Learn about the benefits of adding probiotics into your diet and how to choose which one might be right for you.

Yogurt and granola in a bowl

What are Probiotics?

Probiotics are live microorganisms, such as yeast or bacteria. They’re similar to the “good” bacteria naturally found in your gut. There are different strains of probiotics that offer different benefits.

Probiotics help keep bad bacteria at bay in your gut, acting as a defense to protect the diverse microbiome of your intestines. Probiotics are essential for maintaining gut health–they line your gut so you can ward off infection and absorb the nutrients from your food. In general, you can populate your gut with probiotics by taking a supplement or by eating probiotic-rich foods.

How are probiotics different from prebiotics?

Prebiotics are food for bacteria, while probiotics are the bacteria themselves. It’s important that probiotics have prebiotics to feed off of so they can grow and survive. Prebiotic foods contain an indigestible fiber that makes its way to your gut as food for probiotics. Prebiotics work in tandem with probiotics; both are necessary for a healthy gut microbiome.

Note: this post is for informational purposes only and is not intended as medical advice. Please consult your healthcare provider for recommendations related to your individual situation.

Can we get probiotics from food?

Yes! Eating foods that likely still had dirt on them is traditionally how our ancestors got both probiotics and probiotics. Food sources of probiotics are easily recognizable and usable by our bodies. Look for natural foods with probiotics that have no added sugar, since sugar is food for “bad” gut bacteria.

Keep in mind, though, that food sources of probiotics contain less strains than a probiotic supplement and may not completely survive the acidic environment of the stomach. If you need probiotics in your life, consider both food sources and supplementation.

Kimchi in a bowl of rice

Who should take a probiotic?

There is still research to be conducted on probiotics’ role in our overall health. It’s also important to note that different probiotic strains have different benefits; you can tailor what strains you take to your specific health needs, or you can take a probiotic with a variety of strains.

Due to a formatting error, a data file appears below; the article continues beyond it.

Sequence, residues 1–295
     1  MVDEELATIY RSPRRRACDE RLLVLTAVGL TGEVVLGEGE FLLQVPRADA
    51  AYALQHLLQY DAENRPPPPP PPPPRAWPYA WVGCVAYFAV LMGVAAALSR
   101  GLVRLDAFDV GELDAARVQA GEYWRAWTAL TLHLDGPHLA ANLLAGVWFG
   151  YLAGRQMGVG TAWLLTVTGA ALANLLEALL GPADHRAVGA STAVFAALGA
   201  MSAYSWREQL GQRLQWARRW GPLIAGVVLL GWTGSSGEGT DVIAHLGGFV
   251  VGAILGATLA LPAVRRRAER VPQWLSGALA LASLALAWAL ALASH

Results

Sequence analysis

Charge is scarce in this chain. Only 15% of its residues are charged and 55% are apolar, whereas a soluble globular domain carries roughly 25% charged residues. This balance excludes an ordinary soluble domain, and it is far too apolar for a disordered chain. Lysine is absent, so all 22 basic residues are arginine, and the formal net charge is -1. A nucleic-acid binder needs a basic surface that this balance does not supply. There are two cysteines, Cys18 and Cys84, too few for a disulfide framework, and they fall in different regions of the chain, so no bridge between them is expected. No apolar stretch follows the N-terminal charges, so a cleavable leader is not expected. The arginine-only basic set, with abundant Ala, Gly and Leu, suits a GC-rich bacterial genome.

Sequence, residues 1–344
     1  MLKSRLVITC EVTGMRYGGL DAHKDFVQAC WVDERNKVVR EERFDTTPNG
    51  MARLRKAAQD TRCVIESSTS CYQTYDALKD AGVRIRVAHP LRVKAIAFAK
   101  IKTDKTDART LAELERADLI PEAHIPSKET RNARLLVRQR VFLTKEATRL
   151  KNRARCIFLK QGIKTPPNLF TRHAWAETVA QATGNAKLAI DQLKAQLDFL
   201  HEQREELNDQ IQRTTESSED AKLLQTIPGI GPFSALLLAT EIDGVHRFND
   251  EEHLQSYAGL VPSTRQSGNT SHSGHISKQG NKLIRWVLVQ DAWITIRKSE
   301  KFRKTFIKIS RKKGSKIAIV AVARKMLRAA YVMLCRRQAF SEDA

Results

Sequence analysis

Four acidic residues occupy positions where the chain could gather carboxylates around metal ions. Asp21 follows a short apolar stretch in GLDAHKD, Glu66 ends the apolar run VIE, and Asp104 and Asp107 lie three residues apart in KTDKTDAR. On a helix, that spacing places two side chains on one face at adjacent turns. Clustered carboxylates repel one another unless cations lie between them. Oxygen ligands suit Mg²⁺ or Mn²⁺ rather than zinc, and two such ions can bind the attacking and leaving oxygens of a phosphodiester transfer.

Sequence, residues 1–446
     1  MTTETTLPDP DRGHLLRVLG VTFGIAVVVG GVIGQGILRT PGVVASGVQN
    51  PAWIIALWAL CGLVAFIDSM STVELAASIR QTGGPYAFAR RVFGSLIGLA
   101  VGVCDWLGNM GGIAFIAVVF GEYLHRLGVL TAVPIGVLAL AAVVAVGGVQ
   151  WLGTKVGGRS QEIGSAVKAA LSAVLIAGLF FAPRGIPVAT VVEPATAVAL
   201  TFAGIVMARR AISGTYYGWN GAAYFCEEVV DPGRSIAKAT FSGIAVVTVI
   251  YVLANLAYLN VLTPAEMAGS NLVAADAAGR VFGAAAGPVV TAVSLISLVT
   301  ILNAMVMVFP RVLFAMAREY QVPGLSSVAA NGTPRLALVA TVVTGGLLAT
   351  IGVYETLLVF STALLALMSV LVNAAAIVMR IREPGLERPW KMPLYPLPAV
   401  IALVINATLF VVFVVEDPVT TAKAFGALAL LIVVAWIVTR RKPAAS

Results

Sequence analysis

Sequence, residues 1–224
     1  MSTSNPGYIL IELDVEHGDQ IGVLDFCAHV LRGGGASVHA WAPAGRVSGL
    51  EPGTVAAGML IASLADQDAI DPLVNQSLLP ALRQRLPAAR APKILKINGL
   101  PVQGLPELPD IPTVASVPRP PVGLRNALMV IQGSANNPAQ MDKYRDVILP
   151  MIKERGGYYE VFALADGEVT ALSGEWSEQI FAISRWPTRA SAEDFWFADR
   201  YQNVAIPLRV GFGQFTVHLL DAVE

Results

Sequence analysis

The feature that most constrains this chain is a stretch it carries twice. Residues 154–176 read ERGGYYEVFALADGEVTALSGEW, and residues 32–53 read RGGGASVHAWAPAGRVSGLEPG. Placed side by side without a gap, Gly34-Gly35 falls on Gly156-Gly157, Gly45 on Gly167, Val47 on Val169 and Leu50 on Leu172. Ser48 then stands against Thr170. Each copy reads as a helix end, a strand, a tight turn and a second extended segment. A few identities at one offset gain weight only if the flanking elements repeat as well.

Many people have experienced beneficial changes from probiotic supplementation and it’s widely recognized that probiotics are unlikely to do serious harm in generally healthy people if used correctly. They populate your gut with good bacteria, which is beneficial for almost everyone.

Common reasons to use probiotics

1. Digestive Disorders or Distress

Probiotic supplementation has been found to be useful in treating digestive issues such as diarrhea. Probiotic supplementation was especially helpful in diarrhea associated with antibiotic usage. Probiotics can also be beneficial for a variety of gastrointestinal disorders, such as ulcerative colitis and Crohn’s disease.

2. Lactose Intolerance

Traditionally fermented milk products such as yogurt seem to be easier for those with lactose intolerance to digest. This may be due to the presence of probiotics in the milk products; therefore, it may be beneficial to consume probiotics alongside dairy for optimal digestion.

3. Allergies

Probiotics can improve mucosal barrier function and improve your immune system, which mediates immune response in those with allergies. Studies have found that those exposed to bacteria early in life may protect against allergies. So, it is assumed that probiotic supplementation can also help with allergies.